(Updated 4:30 p.m.) Arlington County officials are acknowledging the fear, anger and frustration people feel and are asking for patience as vaccine plans change.
During the County Board meeting on Saturday, board member Libby Garvey said the state and federal governments are “moving the goalposts, changing the rules and switching out equipment.” County Manager Mark Schwartz said that in the distribution process, “chaos is reigning.”
“I hear the pain and the upset and I don’t blame people for feeling that way,” Garvey later told ARLnow.
About 50% of Virginians are eligible for doses because of their age, job or health condition, but the state is telling local jurisdictions that it will take until March or April to get through this group unless the slow drip of supply from the federal government is sped up.
“There are simply not enough doses available yet for everyone who is eligible to receive them,” said Craig Fifer, a liaison on vaccines between the state and local governments.
During the Saturday County Board meeting, when the news that Virginia Hospital Center had to cancel thousands of appointments was still fresh, Board member Christian Dorsey mused that the county cannot solve the bigger problems, but it can explain them better.
“Maybe we can lean into our role of helping our community understand [the rollout],” he said.
Here’s what we know.
Who has been vaccinated?
According to the state vaccine dashboard, nearly 24,000 doses have been shipped to Arlington County but as of this week, only 7,850 of them have gone to Arlington Public Health Division. Some went to VHC and others are earmarked for the federal partnership with CVS and Walgreens to vaccinate long-term care residents.
Public Health Division spokesman Ryan Hudson also attributed the gap to reporting delays, since providers sometimes take up to 72 hours to log administered doses.
Arlington County is not “holding onto the vaccine, except [to get] ready for the following week,” Arlington County’s Public Health Director Dr. Reuben Varghese said on Saturday. He said he saves about 10% of vaccines as a contingency until a new shipment comes.
Hudson said that the county’s public health division and VHC can together administer at least 2,000 doses per day, based on infrastructure, staff and preparation.
“We can do more if we were assured a greater supply of doses from Virginia,” he said.
Virginia is currently receiving approximately 105,000 new doses per week, a pace that could increase by 16% in the near future, said Fifer, who also serves as communications director for the City of Alexandria.
Like Arlington, the Commonwealth is seeing gaps between delivered and administered doses. The state has worked to close these gaps by redistributing doses, reducing data entry backlogs and accounting for the status of doses sent to CVS and Walgreens, Fifer said. About half of doses marked as received, but not administered, are earmarked for second doses.
Who is eligible?
About 50% of Virginia is currently eligible under Phase 1B, which Gov. Ralph Northam has expanded to those 65 and older and those younger than 65 with high-risk medical conditions.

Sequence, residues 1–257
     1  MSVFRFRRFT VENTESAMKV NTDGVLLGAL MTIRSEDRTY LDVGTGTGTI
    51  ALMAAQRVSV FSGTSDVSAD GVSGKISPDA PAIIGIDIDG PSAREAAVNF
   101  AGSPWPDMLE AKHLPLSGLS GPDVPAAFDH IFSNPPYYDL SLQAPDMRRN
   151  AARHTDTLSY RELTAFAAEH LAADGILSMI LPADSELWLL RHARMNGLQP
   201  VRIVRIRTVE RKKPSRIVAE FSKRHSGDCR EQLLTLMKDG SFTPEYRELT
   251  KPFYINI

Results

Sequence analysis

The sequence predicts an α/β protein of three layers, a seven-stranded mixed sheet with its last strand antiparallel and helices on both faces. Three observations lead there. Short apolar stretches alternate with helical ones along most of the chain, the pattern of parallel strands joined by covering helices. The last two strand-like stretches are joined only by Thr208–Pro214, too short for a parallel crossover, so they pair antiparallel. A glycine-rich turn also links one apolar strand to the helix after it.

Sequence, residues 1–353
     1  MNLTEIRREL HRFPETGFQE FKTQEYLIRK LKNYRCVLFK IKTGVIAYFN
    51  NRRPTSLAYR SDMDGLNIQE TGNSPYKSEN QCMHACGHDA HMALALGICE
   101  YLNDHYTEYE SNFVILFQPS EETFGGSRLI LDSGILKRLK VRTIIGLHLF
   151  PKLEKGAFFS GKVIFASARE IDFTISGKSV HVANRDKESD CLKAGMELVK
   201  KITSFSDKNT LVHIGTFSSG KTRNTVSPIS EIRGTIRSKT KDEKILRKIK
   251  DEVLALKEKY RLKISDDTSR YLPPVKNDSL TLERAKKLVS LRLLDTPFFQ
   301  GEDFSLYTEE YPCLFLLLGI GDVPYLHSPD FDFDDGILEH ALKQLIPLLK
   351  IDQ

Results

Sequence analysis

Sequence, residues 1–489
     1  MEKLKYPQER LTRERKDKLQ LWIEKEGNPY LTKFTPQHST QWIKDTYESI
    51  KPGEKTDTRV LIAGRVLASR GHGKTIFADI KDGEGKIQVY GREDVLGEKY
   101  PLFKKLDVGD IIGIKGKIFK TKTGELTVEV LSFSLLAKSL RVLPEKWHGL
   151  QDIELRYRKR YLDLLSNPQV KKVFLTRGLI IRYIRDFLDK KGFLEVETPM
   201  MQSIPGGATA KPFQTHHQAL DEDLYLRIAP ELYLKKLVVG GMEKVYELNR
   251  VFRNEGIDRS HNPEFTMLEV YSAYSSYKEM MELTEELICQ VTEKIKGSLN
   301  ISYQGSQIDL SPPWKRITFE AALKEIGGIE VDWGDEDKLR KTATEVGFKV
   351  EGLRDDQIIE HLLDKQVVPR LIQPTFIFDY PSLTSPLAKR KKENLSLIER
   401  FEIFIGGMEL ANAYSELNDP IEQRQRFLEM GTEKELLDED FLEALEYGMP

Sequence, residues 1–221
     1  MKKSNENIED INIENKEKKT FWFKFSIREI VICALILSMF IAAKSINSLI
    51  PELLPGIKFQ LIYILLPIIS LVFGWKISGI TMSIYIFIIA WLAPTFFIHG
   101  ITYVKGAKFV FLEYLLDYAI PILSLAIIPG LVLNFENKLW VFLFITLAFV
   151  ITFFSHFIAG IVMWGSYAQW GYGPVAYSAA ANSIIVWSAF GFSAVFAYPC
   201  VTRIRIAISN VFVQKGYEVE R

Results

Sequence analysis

Because there is not enough vaccine to get through everyone at once, Virginia has prescribed an order for essential workers:
- Police, fire and hazmat
- Corrections and homeless shelter workers
- Public and private childcare and teachers and staff for preschool through 12th grade
- Food and agriculture, including veterinarians
- Grocery store workers
- Public transit workers
- Mail carriers, USPS and private
- Officials needed to maintain continuity of government, including judges and public-facing judicial workers
People in qualifying age categories are being vaccinated concurrently. Expanding eligibility in 1B, however, has not corresponded to an increase in vaccines, which makes it “challenging for managing expectations,” Varghese said.
Arlington will be in Phase 1B longer than other jurisdictions because many local, state and federal government officials work here, he said.
When is it my turn?
In Arlington, childcare workers and educators from preschool through 12th grade are still invited to register and “keep looking at the calendar” for an appointment, Varghese said.
Arlington County is rescheduling canceled appointments that those 75 and older made with VHC, and others in this age range can preregister on the county’s website.
What happened to Virginia Hospital Center?
Arlington County and VHC had been unofficially working together to vaccinate people 75 and older at Walter Reed Community Center since Jan. 13. The County Board’s first opportunity to officially recognize the partnership, however, came last Saturday — one day after the state cut off shipments to hospitals due to shortages, prompting a temporary end to VHC’s role in vaccinating the public.
“I think that it was the right decision, but it has been difficult because we have different reporting mechanisms and different directions on whom we should vaccinate,” Garvey said of the county’s work with the hospital.
Since Saturday, staff members have been manually entering more than 3,000 sets of names and contact information from those whose vaccine appointments at VHC were cancelled into its management system. The manual entry is necessary because the system is finicky, said Aaron Miller, Arlington’s emergency management director.
Arlington County expects that when supplies increase, shipments to hospitals will begin again and another partnership with VHC can be formed.
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